As I alway say, “what was the kid doing to the cat?” children should be taught to respect animals and not allowed to pull tails or hold the kitty inappropriately. If the parent can’t handle a scratch now and then, they shouldn’t have cats.

    This is coming from someone who has had cats all her life, and deserved every scratch she got.

    If you think declawing isn’t inhumane, read this article:

    http://www.declawing.com/htmls/declawing.htm

  6. Bridgett says:

    Declawing is simply for human convenience and the unwillingness to adapt to the needs of another creature.

  7. Bridgett says:

    I should have put out a “don’t put me on my soapbox” sign.

  8. Traci says:

    Elizabeth,

    You make some very good points. I think that the best way to deal with this is education rather than laws. I would support laws banning any requirements that pets be declawed (per apartments for example).

  9. trucorgi says:

    Sky Eyes Woman Says: Let’s stop putting our pets through unnecessary and painful surgery just because some people “like the way it looks”

    Tail docking is NOT done solely for esthetics. It is done to the standard of the breed and has to do with their function as a working dog. Parent clubs have no intention of changing their breed’s standard on the whims of people who do not understand this. Tails are banded and dew claws removed at a day or two old. Tails dry up and fall off much the way the umbilical cord does when it is tied off. This is not a surgical procedure and it is not cruel. The only reason people are calling for a ban is because they are listening to animal rights propaganda and do not have a clue about breeding dogs.

    Bridgett Says: Declawing is the result of sheer laziness on the part of pet owners who can’t be bothered to supply proper scratching surfaces for their cat.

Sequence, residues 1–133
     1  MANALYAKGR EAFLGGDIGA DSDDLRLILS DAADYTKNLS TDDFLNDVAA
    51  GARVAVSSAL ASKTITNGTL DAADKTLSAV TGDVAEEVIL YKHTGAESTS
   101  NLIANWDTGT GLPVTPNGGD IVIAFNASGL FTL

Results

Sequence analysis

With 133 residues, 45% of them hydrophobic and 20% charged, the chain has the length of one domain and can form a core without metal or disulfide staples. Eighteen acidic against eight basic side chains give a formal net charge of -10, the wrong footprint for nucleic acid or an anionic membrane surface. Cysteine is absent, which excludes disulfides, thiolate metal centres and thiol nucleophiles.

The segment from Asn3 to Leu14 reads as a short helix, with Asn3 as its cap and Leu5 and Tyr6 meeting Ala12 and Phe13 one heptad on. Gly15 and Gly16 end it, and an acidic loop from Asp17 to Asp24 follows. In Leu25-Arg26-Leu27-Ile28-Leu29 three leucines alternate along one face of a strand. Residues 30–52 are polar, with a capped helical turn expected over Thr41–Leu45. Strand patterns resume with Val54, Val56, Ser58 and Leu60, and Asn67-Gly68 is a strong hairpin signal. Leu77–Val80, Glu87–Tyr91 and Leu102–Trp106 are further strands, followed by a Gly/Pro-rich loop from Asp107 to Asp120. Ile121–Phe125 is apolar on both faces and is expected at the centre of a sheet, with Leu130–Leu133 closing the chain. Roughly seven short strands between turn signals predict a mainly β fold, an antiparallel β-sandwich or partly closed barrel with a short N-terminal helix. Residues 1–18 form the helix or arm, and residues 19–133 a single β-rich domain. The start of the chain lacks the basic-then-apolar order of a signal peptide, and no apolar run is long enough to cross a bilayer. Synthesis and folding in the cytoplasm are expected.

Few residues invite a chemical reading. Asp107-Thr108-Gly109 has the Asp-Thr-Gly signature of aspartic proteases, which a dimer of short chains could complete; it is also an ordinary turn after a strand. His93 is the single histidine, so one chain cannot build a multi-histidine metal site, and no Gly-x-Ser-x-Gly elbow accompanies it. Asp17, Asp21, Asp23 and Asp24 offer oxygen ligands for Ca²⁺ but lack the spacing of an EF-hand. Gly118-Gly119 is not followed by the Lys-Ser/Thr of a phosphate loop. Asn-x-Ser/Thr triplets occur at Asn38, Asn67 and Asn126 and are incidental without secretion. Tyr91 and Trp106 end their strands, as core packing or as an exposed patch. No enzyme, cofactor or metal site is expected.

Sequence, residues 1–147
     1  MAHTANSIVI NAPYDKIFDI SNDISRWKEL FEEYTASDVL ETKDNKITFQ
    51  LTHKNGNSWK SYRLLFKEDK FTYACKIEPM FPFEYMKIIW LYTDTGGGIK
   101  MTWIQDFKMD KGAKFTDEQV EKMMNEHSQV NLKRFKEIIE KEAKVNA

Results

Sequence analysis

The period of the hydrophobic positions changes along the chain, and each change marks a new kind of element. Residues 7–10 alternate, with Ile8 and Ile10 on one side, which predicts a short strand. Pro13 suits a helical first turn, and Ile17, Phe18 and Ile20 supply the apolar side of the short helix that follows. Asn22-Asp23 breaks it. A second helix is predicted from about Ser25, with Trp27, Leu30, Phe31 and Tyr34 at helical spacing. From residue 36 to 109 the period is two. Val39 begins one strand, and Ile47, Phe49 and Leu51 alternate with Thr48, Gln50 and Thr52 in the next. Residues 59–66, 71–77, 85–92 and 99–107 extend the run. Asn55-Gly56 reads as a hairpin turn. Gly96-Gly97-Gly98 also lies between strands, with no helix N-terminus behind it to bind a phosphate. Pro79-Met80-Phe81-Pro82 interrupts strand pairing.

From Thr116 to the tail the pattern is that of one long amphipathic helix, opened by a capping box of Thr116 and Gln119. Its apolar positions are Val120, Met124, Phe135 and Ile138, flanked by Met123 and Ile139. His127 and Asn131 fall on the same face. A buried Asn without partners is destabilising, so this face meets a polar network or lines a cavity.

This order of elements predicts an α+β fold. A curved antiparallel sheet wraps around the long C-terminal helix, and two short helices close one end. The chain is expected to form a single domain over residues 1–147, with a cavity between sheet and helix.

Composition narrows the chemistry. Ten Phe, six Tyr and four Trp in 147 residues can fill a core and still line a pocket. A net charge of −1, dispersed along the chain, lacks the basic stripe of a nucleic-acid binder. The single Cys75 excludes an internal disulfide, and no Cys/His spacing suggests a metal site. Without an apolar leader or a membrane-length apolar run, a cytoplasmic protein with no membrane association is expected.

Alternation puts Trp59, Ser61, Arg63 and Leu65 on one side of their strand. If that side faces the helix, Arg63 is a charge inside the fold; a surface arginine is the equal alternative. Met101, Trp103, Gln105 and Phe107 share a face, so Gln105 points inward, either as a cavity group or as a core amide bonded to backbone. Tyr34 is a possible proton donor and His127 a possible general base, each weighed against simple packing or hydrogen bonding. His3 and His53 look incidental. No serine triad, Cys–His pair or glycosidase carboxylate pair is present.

The same argument could be made about neutering.
    Castration is the result of sheer laziness on the part of pet owners who can’t be bothered to keep their cat from making kittens.

    Any decisions about surgical procedures should be left up to the owner and their vet. The result of government intervention where it doesn’t belong will result in more homeless cats.

    I suggest we have enough real cruelty to worry about. There is no need to be telling licensed veterinarians what procedures they can, or can not offer their clients. If a vet thinks an elective surgery is cruel or unnecessary they are perfectly capable of refusing to do it.

  10. Anne says:

    I have worked for a vet, and have seen tons of declaw surgeries. It’s a nasty procedure, but with medicine now (and especially use of a laser) it is not nearly as bad as some people think. However, the effects of decalwing last long after the surgery and following days, which many people do not realize. I’ve heard countless stories of cats stopping using the litter box because of being declawed, and owners find themselves with even more problems. Other behavioral problems can arise too. It cats have no claws, they tend to bite more for defense. There is a reason declawing (and tail and ear cropping) is banned in many parts of Europe and Australia. I think it’s time that our country starts moving forward as well.

  11. Bridgett says:

    Declawing and castration aren’t exactly the same thing. Laziness is not getting your critter fixed. Castration keeps from creating more critters that need homes. Declawing is for aesthetics.

    How do you keep you cat from having kittens?

  12. Bridgett says:

    My mom had her kitty, Monster, declawed. Her paws looked like the vet had cut them off with a paper cutter. No kidding, straight across.

  13. Bridgett says:

    http://www.cfa.org/articles/health/declawing.html

    Interesting article from the Cat Fanciers Association.

    The AKC is fine with docking tails and ears which is simply to maintain the standard but doesn’t improve the life of the dog. While the CFA says clawing is natural behavior. Hum…wonder why the difference?

  14. Amy says:

    I tried Softpaws on my boy Macks and he got the Softpaw stuck in my couch upholstery when going through the motions of clawing. Thankfully I was home to free him or he probably would’ve ripped his entire claw out of his paw. Of course it required me cutting a hole into my sofa to free him. Needless to say I won’t be using Softpaws again.

  15. trucorgi says:

    Bridgett Says:
    http://www.cfa.org/articles/health/declawing.html
    Interesting article from the Cat Fanciers Association.